Princessehof Ceramics Museum

Princessehof Ceramics Museum is a city museum of ceramics in Leeuwarden, Netherlands. The museum's name comes from one of two buildings in which it is housed: a small palace built in 1693 and later occupied by Marie Louise, dowager Princess of Orange. The other annexed building is the Papinga stins, a former stronghold from the 15th century. The museum is of interest for its buildings, but also for its collection of tiles, pottery, and ceramic sculpture.[citation needed]


The Oldehove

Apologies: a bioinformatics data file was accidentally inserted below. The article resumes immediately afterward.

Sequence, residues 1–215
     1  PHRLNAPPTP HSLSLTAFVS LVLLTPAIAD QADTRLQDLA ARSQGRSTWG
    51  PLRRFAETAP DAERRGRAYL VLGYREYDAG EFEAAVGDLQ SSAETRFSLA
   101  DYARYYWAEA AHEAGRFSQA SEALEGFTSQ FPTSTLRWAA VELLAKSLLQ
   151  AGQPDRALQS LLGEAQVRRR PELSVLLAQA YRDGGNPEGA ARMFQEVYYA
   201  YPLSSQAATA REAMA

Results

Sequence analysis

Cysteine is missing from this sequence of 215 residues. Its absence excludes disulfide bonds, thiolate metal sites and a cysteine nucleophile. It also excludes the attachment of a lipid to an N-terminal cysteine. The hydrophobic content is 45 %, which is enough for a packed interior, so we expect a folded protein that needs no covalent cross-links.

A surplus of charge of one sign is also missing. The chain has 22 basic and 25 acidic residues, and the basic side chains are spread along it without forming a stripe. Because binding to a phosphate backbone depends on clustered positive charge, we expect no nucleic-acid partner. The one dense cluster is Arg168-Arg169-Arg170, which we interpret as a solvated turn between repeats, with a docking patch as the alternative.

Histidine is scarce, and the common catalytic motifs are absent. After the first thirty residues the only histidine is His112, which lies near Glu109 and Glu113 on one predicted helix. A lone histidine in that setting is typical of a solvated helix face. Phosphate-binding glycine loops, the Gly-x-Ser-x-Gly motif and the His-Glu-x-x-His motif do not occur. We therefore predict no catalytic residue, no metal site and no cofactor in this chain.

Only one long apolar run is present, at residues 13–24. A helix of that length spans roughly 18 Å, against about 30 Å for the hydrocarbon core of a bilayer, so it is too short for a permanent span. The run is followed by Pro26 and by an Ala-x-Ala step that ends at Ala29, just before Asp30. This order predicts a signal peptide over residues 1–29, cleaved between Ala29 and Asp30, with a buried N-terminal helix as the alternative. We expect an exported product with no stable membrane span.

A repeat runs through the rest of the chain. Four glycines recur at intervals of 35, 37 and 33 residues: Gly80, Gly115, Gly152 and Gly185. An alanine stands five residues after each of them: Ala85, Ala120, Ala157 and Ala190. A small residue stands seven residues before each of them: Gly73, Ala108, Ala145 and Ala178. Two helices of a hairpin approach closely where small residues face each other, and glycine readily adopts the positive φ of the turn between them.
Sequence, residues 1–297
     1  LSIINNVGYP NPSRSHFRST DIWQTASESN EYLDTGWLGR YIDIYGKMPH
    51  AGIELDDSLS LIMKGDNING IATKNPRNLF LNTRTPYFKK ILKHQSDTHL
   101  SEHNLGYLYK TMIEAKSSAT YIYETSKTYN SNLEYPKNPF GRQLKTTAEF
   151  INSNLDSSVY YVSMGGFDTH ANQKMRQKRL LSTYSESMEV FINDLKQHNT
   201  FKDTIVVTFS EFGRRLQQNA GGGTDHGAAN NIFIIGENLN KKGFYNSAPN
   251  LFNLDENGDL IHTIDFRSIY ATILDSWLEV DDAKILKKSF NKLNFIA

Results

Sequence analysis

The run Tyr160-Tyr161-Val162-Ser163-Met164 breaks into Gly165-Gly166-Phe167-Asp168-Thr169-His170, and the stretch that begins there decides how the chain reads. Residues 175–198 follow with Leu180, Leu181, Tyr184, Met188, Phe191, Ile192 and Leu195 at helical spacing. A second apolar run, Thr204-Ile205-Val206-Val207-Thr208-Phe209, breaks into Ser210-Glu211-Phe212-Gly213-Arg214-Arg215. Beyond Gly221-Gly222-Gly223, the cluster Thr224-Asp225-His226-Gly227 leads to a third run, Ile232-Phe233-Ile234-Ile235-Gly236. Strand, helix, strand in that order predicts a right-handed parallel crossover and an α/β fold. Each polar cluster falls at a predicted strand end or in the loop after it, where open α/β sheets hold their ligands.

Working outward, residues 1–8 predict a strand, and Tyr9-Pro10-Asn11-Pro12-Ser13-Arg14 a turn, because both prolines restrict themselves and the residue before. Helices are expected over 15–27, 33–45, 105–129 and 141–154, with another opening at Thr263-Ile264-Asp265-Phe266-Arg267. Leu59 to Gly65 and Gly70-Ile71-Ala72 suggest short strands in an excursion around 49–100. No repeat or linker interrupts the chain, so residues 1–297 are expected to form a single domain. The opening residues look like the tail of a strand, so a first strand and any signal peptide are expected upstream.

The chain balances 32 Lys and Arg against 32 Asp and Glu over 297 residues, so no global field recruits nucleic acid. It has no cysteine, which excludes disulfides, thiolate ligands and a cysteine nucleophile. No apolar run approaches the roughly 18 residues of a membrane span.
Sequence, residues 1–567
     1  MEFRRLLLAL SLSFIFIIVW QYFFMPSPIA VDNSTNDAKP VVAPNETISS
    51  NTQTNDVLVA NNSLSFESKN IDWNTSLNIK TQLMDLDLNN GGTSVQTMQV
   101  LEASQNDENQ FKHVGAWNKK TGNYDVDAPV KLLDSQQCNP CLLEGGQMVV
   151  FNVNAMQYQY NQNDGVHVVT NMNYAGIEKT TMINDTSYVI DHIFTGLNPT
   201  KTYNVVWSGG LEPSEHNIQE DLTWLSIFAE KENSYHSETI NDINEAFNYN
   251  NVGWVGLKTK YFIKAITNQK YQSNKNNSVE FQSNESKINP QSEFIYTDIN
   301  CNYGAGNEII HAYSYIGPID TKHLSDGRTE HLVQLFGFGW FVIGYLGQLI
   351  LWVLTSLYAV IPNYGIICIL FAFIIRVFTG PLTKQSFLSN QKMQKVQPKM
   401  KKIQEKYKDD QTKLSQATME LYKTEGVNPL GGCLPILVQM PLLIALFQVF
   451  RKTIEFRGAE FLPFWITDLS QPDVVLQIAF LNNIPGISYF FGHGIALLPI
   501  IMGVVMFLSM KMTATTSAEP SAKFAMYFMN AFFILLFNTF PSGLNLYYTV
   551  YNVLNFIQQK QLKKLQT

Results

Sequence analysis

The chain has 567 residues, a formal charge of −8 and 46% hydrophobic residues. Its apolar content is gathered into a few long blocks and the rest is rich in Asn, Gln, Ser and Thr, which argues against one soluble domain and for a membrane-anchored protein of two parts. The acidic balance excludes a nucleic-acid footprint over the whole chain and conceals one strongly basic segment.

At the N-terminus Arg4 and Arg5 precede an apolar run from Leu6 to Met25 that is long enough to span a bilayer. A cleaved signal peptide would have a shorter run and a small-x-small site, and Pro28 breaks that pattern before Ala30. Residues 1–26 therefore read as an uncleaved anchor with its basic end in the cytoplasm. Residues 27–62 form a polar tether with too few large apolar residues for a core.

Construction of this leaning, curved and unfinished tower began in 1529. The original plan included attaching a new church to the tower, which would replace the Old Saint Vitus Church, but this was never realised. Master builder Jacob van Aken was unlucky from the start, because the tower began to sink during construction. In an effort to compensate fot the tilt, it was decided to continue to build perpendicular on top of the leaning bottom. Because of this the tower is also curved. Construction was subsequently halted in 1533 and has never been resumed. The tower never reached its intended height of about 120 m. Although the Oldehove has never been used for special purposes, it acquired a symbolic status nevertheless. Inhabitants of Leeuwarden are proud of their Oldehove. "I feel rather homesick, when i cannot see the Oldehove", is a well-known saying in the local dialect. The towe is managed bij the Historisch Centrum Leeuwarden (HCL) since 2010.